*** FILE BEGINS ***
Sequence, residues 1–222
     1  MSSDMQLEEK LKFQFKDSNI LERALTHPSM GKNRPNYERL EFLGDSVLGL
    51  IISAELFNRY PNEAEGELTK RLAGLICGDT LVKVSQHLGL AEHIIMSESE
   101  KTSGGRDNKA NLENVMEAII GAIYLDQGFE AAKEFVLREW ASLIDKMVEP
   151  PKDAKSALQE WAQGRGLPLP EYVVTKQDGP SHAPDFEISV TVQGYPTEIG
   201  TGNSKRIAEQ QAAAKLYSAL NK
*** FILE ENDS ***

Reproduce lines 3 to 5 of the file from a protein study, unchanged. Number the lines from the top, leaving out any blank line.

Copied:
    51  IISAELFNRY PNEAEGELTK RLAGLICGDT LVKVSQHLGL AEHIIMSESE
   101  KTSGGRDNKA NLENVMEAII GAIYLDQGFE AAKEFVLREW ASLIDKMVEP
   151  PKDAKSALQE WAQGRGLPLP EYVVTKQDGP SHAPDFEISV TVQGYPTEIG